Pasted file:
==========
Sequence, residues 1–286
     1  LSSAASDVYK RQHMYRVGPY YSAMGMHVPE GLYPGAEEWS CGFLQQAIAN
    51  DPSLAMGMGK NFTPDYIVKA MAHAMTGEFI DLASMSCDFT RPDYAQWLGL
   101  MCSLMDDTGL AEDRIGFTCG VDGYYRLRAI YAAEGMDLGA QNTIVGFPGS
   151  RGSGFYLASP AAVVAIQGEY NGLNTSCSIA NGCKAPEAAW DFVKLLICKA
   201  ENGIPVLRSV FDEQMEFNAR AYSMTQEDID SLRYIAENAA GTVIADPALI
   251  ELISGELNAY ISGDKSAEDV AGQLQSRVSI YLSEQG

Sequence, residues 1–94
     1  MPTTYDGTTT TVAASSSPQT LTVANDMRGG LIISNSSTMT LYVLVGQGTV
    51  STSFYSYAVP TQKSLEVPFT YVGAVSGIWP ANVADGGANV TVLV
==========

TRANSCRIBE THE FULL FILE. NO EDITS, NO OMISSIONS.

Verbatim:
Sequence, residues 1–286
     1  LSSAASDVYK RQHMYRVGPY YSAMGMHVPE GLYPGAEEWS CGFLQQAIAN
    51  DPSLAMGMGK NFTPDYIVKA MAHAMTGEFI DLASMSCDFT RPDYAQWLGL
   101  MCSLMDDTGL AEDRIGFTCG VDGYYRLRAI YAAEGMDLGA QNTIVGFPGS
   151  RGSGFYLASP AAVVAIQGEY NGLNTSCSIA NGCKAPEAAW DFVKLLICKA
   201  ENGIPVLRSV FDEQMEFNAR AYSMTQEDID SLRYIAENAA GTVIADPALI
   251  ELISGELNAY ISGDKSAEDV AGQLQSRVSI YLSEQG

Sequence, residues 1–94
     1  MPTTYDGTTT TVAASSSPQT LTVANDMRGG LIISNSSTMT LYVLVGQGTV
    51  STSFYSYAVP TQKSLEVPFT YVGAVSGIWP ANVADGGANV TVLV